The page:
Hey, everybody! Thank you so much for sticking with me and coming by to comment even while my blog was on hiatus. It also came to my attention that I might have an award or two floating out there that I have to collect, which I will get to in the coming days. (And THANK YOU for that! You guys are the best.) I just wanted to say that you are awesome, and having you guys come by to say hello really brightened my days while I was slogging through those 50,000 words.
Which I did! I wrote over 50,000 words of my novel! 51,636 words, to be exact, including the ending.
I DID IT!
And I'm feeling pretty proud of myself, actually, since over 47,000 of those words happened after November 15th, and a little more than 40,000 of them happened after the 25th. Yeah. Thanks to my husband, who took over the housework and kept me supplied with caffeinated food and beverages, I wrote 40,000 words in five days. And I'm tired. But that's okay, because I conquered the NaNo mountain.
And since this is a Wednesday post, we've got some wisdom coming through the brainwaves. (But only maybe a little - I'm tired, guys.)
When I first took on the NaNo challenge, I thought it would be totally doable. Actually, I thought I'd coast through it. 1,667 words a day? I thought, That's not even two hours' worth of word-vomit. No problem. I can be arrogant like that sometimes; it's not my best quality. But when November 16th came and I was still stuck at 4002 words, I thought I was in serious trouble. And I had no outline to speak of. I had several failed attempts at an outline, but no outline.
And on November 22nd, when my word count had topped out at 6,483? I thought I was toast. Which was really disheartening, because I really didn't want to still be cranking out my rough draft in the days leading up to Christmas. I wanted to be working on my picture books and my chapter book, and letting my novel marinate. It was an important goal for me.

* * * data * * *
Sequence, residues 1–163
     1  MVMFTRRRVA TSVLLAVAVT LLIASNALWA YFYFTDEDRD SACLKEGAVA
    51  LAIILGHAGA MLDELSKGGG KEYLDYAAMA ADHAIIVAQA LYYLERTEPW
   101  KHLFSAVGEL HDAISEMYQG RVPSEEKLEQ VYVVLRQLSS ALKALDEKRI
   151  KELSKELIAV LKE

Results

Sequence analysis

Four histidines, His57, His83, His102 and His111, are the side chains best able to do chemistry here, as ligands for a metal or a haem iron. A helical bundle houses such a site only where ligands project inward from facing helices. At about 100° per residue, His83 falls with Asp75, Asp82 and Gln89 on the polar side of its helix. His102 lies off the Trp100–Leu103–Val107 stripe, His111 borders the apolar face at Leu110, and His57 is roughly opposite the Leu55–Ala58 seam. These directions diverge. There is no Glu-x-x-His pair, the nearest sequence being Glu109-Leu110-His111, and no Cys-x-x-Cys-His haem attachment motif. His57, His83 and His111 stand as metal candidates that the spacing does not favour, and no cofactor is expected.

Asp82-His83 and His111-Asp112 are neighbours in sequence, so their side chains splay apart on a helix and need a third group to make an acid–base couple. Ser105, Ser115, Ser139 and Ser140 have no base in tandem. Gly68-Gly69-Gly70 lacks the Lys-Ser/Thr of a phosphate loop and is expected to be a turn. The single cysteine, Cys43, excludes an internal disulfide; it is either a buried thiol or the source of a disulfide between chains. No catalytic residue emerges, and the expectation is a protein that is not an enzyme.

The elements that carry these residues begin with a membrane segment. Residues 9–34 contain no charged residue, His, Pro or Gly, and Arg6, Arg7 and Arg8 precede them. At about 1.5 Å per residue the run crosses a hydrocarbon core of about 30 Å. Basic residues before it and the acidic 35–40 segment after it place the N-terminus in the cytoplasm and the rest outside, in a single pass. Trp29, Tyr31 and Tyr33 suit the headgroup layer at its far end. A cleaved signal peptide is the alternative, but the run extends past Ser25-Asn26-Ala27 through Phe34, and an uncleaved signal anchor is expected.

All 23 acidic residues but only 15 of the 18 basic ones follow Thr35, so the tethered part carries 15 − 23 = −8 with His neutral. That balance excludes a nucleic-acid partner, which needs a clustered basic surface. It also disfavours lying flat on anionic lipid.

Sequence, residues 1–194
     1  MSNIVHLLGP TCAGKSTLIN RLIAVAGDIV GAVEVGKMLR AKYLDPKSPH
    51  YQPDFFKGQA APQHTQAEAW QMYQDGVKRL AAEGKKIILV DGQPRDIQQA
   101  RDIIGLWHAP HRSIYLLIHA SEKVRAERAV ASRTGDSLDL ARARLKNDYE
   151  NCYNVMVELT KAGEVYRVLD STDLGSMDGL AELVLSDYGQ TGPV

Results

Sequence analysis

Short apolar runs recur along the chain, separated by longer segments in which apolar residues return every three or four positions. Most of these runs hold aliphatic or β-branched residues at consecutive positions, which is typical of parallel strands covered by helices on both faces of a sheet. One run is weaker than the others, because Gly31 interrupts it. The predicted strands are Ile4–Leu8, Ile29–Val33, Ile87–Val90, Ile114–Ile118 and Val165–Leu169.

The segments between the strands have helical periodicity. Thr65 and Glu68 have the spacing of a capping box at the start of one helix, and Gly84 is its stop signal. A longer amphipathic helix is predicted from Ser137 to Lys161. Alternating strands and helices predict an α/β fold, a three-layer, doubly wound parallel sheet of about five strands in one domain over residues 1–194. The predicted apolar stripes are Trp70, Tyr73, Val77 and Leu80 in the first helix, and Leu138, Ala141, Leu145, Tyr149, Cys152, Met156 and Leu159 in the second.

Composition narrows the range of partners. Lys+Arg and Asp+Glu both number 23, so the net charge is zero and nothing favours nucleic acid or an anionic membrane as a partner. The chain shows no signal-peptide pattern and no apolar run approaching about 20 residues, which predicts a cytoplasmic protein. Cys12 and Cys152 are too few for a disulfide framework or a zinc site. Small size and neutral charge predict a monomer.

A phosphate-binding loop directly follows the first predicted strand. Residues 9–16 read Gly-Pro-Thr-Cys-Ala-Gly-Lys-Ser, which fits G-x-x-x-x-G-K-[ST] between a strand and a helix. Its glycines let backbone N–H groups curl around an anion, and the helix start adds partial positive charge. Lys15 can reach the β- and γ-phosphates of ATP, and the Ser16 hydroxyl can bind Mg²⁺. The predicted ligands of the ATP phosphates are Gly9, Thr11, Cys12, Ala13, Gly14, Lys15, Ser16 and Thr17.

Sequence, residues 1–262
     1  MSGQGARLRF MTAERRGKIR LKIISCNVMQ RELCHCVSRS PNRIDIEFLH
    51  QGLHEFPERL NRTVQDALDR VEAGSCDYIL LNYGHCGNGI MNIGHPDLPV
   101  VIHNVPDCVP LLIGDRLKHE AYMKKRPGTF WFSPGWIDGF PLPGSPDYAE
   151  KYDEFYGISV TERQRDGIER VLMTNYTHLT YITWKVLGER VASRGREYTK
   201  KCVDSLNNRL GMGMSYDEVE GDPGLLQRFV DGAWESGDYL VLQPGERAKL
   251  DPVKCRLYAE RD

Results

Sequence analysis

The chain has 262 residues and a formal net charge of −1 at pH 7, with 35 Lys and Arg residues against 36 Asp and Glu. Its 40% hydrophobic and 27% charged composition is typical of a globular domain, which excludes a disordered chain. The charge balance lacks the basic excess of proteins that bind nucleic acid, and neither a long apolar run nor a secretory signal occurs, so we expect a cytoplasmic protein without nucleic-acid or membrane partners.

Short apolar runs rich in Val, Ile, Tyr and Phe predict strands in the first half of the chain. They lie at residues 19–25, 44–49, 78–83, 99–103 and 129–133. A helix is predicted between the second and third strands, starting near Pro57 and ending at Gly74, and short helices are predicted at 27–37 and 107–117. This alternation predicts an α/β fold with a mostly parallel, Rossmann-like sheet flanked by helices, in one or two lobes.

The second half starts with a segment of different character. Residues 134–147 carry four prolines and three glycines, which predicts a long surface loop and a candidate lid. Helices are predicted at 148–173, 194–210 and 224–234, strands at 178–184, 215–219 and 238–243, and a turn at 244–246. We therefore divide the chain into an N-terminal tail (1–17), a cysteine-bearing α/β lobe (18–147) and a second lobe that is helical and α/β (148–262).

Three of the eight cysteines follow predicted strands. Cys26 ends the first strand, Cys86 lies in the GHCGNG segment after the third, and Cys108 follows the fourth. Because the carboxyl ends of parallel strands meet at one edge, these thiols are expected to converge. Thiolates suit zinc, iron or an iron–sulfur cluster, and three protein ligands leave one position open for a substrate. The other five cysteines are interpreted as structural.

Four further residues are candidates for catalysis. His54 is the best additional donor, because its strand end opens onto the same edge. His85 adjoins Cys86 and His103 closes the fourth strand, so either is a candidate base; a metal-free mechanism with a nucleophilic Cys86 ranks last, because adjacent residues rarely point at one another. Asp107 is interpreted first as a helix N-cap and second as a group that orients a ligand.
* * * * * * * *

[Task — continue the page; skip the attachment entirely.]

But here's the difference: by November 22nd, I had an outline. I had a map. I knew where I was going, and I even had a plan for getting there. I also had John Green. On an endlessly repeating loop sometimes, but I digress.
And, of course, I stopped restricting myself. If I was stuck in a scene, I threw quality to the wind and let my internal editor make her notes in the margins and on the outline (and there were a lot of notes, believe me) and just wrote my way out of it. If I was really stuck, I skipped the rest of that scene and came back to it later, when I had written more and had a better sense of where everything was headed. I even allowed myself to veer off-outline once, and later found that what I had written was SO much better than it would have been if I had stuck to the plan. And most importantly for me, I knew that there were other writers, whom I have a LOT of respect for, who knew I had signed up for this. Meeting other people's expectations is a big motivator for me.
Does a lot of my NaNovel suck? Yup. But that's okay, because I can revise it. Revision is the fun part for me; it's the gravy. Cranking out the words is just tedious, but revising the story and crafting those words into something beautiful (or in this case, gory) is what it's about. Like I said a while ago, I'm a critique junkie.
So, that's my tiny piece of maybe-wisdom today. Have an outline, have someone or something to encourage you, and make yourself accountable to someone else. And know that it's okay to suck. Okay, so that's four tiny pieces. I'm tired; the ability to count is not important in moments like this.
Of course, after that 5-day caffeine binge, I have a migraine, so I'm going to sign off. More tomorrow on PiBoIdMo, which I also did this month.
And congratulations to all the writers who participated in NaNoWriMo! Even if you didn't make it to 50,000 words, you made a decision to start, and you started, which is something, in my book.